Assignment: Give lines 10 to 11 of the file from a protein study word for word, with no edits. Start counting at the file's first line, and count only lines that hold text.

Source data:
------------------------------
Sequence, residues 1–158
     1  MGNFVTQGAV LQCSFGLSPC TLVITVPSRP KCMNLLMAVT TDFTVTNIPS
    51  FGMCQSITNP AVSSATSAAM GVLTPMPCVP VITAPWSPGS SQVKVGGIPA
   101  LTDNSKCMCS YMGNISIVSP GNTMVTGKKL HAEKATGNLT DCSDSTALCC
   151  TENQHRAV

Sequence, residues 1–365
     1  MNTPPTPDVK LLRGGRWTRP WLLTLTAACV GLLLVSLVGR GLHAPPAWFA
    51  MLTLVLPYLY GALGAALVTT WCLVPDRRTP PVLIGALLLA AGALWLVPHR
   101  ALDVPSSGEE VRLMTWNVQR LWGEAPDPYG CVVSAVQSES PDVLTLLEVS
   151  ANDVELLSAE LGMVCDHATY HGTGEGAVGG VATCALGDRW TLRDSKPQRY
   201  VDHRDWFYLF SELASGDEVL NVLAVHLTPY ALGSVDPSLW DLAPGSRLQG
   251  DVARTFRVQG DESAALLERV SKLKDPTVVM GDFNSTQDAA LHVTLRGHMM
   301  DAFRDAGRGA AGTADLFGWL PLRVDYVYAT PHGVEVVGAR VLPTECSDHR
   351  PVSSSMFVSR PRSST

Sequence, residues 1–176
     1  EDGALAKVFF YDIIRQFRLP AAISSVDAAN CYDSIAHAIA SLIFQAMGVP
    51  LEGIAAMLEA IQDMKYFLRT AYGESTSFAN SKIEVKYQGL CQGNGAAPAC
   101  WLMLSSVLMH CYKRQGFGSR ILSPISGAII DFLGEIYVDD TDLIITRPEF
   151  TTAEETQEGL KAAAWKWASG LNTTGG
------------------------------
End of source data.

   151  ANDVELLSAE LGMVCDHATY HGTGEGAVGG VATCALGDRW TLRDSKPQRY
   201  VDHRDWFYLF SELASGDEVL NVLAVHLTPY ALGSVDPSLW DLAPGSRLQG